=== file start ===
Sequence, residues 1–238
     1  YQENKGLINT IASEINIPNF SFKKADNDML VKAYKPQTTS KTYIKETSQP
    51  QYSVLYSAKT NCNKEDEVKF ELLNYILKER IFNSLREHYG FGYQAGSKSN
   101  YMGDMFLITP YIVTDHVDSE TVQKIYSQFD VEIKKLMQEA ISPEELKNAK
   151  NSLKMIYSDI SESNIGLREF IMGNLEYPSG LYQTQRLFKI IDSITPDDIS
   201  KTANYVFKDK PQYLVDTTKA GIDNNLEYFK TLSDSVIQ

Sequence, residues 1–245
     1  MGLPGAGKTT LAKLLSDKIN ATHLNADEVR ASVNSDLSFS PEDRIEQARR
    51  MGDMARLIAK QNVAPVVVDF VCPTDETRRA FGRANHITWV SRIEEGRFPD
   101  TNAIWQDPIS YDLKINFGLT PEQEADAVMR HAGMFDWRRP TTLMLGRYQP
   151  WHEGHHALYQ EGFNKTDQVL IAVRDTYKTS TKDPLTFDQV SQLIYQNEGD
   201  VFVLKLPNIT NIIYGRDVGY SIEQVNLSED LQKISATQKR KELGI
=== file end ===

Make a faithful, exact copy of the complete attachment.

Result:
Sequence, residues 1–238
     1  YQENKGLINT IASEINIPNF SFKKADNDML VKAYKPQTTS KTYIKETSQP
    51  QYSVLYSAKT NCNKEDEVKF ELLNYILKER IFNSLREHYG FGYQAGSKSN
   101  YMGDMFLITP YIVTDHVDSE TVQKIYSQFD VEIKKLMQEA ISPEELKNAK
   151  NSLKMIYSDI SESNIGLREF IMGNLEYPSG LYQTQRLFKI IDSITPDDIS
   201  KTANYVFKDK PQYLVDTTKA GIDNNLEYFK TLSDSVIQ

Sequence, residues 1–245
     1  MGLPGAGKTT LAKLLSDKIN ATHLNADEVR ASVNSDLSFS PEDRIEQARR
    51  MGDMARLIAK QNVAPVVVDF VCPTDETRRA FGRANHITWV SRIEEGRFPD
   101  TNAIWQDPIS YDLKINFGLT PEQEADAVMR HAGMFDWRRP TTLMLGRYQP
   151  WHEGHHALYQ EGFNKTDQVL IAVRDTYKTS TKDPLTFDQV SQLIYQNEGD
   201  VFVLKLPNIT NIIYGRDVGY SIEQVNLSED LQKISATQKR KELGI